A collaboration between one of my favourite directors and one of my favourite writers, it is safe to say that I had extremely high hopes for Yesterday. Walking out of the theatre with a smile on my face and a spring in my step, this new film by Danny Boyle and Richard Curtis manages to not only meet but in some ways exceed my expectations; delivering one of the best rom-coms I have ever seen.
Building on the brilliant About Time, Curtis delivers another masterfully elaborate script that uses an extreme concept in the best way. Based in a world without the Beatles, Yesterday uses this elaborate setup as a springboard for interesting characters and realistic conflicts that, despite being fantastical in nature, creates a genuinely human and grounded story that can connect with anyone. It is incredible how Curtis manages to tap into such emotion and humanity through showing that, even with these bizarre twists, it can never take away from what really matters to people – love, friendship and family. These are the themes that the film is based on and the eventual goal of the main character Jack Malik as he journeys from being a failed musician to the world’s greatest singer-songwriter through hijacking the songs of the suddenly non-existent Beatles. Malik is played by unknown Himesh Patel in a career-making performance that grounds the story and makes the often absurd dialogue work within the film. He is supported by the always strong Lily James who threatens to steal the hearts of every person watching with her genuine portrayal of someone trapped in the friend zone. Another surprising highlight was Ed Sheeran who was far less distracting than I feared and honestly offered a lot of humour at his own expense whilst further making the film feel real and grounded in our own world despite the fantastical premise.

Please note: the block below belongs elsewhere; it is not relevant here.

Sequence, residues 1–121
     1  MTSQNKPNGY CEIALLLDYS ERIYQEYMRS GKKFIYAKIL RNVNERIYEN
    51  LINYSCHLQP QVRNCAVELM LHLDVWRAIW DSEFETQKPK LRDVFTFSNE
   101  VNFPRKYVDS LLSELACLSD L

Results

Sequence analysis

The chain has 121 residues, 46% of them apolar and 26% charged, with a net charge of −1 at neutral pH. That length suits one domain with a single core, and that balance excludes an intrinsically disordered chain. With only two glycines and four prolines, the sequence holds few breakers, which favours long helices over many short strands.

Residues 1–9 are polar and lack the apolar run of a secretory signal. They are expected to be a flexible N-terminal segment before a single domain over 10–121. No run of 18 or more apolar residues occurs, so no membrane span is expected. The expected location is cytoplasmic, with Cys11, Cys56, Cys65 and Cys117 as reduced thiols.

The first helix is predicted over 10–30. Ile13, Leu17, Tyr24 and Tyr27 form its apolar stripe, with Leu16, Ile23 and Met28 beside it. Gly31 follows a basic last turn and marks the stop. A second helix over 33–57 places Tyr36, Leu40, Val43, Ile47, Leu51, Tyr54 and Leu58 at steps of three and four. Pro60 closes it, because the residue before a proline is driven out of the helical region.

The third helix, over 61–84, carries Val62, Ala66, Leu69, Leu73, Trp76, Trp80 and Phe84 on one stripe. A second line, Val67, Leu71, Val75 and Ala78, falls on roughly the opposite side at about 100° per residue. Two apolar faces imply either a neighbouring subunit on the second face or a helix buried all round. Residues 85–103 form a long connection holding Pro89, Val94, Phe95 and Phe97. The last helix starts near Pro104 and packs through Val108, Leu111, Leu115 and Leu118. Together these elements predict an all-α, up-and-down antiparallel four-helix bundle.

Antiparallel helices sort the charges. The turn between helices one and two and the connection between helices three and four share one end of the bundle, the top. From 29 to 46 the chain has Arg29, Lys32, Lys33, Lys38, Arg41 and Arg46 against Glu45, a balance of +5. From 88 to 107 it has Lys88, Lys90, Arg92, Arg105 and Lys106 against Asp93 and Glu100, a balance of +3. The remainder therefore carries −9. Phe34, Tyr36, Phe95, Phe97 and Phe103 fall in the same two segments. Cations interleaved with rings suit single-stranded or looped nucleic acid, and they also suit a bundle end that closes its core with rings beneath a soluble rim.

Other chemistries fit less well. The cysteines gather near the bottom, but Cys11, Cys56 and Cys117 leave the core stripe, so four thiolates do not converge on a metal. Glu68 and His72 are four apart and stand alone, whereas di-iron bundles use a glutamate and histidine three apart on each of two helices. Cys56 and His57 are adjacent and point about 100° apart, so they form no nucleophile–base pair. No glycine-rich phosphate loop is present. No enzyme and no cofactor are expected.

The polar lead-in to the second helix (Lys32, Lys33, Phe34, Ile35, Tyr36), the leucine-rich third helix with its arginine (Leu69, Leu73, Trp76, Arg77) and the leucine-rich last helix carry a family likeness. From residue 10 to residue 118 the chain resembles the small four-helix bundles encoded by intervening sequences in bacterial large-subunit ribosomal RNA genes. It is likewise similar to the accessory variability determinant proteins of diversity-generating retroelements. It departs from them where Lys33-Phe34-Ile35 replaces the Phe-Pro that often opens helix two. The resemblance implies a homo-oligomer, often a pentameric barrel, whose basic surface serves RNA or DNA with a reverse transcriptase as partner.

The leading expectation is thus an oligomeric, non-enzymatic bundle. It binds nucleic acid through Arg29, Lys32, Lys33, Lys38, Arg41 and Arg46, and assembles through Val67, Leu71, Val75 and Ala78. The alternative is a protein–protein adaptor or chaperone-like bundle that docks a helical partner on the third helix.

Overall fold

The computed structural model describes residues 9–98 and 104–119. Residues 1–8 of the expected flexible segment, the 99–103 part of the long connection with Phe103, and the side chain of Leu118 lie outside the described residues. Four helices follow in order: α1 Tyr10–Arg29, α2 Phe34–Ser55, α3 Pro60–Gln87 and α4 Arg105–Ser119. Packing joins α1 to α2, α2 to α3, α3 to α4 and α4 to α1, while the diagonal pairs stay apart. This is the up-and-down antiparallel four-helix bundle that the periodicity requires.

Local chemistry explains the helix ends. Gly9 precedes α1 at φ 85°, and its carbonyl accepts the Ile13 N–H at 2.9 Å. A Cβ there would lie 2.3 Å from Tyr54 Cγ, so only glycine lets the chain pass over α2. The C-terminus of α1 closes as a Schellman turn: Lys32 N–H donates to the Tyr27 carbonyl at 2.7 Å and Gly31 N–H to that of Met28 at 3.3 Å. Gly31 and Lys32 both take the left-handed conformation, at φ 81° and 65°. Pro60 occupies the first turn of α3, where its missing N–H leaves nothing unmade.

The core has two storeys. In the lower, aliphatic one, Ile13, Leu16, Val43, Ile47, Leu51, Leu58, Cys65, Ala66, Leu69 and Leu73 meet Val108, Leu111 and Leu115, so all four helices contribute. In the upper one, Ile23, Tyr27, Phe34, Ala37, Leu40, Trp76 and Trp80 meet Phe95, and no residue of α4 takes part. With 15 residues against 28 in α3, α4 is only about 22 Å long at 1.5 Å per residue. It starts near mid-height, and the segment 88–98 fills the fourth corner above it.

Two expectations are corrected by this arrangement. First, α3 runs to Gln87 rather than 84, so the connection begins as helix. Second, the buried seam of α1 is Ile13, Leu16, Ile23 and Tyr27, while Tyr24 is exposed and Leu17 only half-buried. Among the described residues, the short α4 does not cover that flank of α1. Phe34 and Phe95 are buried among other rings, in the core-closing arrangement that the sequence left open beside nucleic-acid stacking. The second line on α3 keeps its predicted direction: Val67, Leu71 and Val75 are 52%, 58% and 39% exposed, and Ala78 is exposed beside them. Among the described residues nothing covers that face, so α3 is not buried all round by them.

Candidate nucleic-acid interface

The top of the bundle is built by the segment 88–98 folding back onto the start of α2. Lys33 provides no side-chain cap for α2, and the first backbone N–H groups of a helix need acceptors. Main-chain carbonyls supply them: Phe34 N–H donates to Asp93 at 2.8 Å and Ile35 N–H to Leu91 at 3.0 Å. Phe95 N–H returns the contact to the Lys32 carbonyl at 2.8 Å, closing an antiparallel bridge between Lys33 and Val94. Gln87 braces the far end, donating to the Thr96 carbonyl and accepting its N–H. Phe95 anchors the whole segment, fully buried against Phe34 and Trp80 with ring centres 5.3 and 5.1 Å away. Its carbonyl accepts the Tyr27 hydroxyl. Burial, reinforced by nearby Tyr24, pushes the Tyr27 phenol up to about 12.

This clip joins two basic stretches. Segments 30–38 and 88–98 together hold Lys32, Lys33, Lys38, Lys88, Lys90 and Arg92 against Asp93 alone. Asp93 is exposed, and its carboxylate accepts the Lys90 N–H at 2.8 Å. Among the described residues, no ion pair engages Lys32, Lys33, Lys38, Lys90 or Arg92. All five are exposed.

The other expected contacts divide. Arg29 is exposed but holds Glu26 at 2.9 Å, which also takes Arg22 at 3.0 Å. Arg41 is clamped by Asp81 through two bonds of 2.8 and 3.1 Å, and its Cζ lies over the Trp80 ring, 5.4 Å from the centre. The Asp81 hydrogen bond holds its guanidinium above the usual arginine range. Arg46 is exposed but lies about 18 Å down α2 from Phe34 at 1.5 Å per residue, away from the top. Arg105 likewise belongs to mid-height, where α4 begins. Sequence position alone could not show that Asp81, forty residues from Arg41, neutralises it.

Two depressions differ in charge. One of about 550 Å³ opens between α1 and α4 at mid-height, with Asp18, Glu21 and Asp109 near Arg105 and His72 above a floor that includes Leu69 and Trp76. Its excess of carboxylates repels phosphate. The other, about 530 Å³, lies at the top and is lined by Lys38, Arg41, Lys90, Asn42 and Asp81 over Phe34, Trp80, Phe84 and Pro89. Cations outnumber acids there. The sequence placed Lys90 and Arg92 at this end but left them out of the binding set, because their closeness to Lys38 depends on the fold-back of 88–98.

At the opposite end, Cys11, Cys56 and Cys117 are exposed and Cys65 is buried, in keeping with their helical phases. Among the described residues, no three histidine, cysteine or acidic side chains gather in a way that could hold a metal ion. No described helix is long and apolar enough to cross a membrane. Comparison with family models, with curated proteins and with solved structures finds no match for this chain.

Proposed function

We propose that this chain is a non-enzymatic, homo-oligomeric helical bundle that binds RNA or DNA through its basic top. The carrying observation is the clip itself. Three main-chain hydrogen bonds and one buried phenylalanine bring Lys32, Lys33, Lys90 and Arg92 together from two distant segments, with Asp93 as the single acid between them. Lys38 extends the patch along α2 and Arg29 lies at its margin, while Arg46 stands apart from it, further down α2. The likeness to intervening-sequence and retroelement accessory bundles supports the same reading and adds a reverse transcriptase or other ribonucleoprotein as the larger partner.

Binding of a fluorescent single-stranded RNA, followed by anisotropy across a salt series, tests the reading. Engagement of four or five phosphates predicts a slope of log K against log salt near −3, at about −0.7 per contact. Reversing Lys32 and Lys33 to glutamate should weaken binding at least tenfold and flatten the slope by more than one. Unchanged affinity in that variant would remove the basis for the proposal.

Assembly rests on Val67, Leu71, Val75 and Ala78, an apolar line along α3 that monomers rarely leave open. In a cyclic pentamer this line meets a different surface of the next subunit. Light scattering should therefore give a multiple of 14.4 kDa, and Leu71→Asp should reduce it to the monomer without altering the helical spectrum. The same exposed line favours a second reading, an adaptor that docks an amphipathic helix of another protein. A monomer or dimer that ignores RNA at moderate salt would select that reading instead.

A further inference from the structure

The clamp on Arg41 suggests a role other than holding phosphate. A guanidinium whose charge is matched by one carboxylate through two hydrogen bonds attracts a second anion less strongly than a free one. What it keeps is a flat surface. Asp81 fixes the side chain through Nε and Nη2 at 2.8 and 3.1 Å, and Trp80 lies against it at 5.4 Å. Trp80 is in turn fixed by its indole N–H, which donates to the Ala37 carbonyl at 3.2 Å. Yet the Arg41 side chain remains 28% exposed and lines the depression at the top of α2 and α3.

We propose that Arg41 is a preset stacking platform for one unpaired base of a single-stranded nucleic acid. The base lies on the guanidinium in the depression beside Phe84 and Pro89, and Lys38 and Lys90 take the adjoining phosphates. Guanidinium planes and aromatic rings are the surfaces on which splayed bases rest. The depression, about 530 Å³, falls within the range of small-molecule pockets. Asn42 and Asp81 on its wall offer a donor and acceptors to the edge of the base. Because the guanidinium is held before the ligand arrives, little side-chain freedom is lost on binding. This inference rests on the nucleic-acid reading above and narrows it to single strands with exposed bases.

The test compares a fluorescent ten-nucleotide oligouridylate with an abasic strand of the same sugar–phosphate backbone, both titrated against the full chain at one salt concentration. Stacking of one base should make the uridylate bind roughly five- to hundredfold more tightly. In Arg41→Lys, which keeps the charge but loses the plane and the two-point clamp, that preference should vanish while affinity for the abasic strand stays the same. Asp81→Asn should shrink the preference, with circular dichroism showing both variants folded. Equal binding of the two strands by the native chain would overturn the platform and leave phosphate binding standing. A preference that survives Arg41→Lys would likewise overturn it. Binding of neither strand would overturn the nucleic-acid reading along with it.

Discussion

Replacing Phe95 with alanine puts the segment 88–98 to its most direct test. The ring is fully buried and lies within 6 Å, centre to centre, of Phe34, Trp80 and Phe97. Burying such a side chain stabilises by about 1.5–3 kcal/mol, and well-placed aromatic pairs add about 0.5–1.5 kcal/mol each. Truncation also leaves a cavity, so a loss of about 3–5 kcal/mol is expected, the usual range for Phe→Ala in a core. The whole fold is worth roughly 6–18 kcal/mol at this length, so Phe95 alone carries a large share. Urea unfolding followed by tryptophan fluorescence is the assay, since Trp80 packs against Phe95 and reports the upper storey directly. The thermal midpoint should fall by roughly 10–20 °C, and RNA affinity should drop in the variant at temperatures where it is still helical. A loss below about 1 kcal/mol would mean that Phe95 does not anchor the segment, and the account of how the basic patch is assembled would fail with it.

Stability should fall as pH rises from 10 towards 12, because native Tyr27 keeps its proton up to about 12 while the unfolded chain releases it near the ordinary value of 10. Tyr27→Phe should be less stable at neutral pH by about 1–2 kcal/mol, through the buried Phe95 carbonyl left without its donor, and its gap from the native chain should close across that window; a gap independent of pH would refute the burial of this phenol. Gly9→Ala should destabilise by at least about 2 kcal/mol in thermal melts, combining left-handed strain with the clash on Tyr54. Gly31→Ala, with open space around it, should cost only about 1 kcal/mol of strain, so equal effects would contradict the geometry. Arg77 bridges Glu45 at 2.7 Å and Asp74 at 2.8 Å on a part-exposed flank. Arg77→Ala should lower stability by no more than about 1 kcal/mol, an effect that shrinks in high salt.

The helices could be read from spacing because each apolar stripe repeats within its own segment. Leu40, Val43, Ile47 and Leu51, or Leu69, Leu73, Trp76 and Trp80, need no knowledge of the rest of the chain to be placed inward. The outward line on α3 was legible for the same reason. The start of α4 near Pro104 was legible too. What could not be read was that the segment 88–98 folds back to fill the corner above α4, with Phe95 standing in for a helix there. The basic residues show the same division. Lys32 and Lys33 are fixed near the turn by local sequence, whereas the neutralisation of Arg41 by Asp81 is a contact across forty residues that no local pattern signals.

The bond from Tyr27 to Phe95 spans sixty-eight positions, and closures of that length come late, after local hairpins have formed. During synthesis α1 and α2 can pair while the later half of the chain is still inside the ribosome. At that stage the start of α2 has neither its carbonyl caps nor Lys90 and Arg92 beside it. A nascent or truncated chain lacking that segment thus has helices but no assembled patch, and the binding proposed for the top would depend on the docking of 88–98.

What gives Yesterday an edge over similar work is the direction of Danny Boyle, who brings his trademark kinetic and vibrant style to a very relevant story of sudden fame and fortune. Boyle expertly blends stylistic sequences with camerawork that frequently puts the viewer amongst the actual audiences within the film. This allows us to connect with Jack on a personal level whilst at the same time keeping him at arm’s length when the story demands it; therefore, distancing the viewer as those Jack holds dear are also pushed away. This beautiful style of filmmaking fits so perfectly when working within one of Curtis’ elaborate but optimistic stories that it is hard not to fall in love with his view of the world and I believe this film is evidence to validate the often dismissed rom-com genre as more than just light entertainment.
Yesterday is a breath of fresh air in a year of blockbusters, reboots and sequels. It uses an elaborate premise to tell a beautiful story and does so to an amazing soundtrack. With so many biopics currently in production, this original story feels like a much better way of paying tribute to such iconic music whilst still providing stellar entertainment. So if I have one piece of advice this summer, why don’t you follow the long and winding road less travelled and give Yesterday a chance.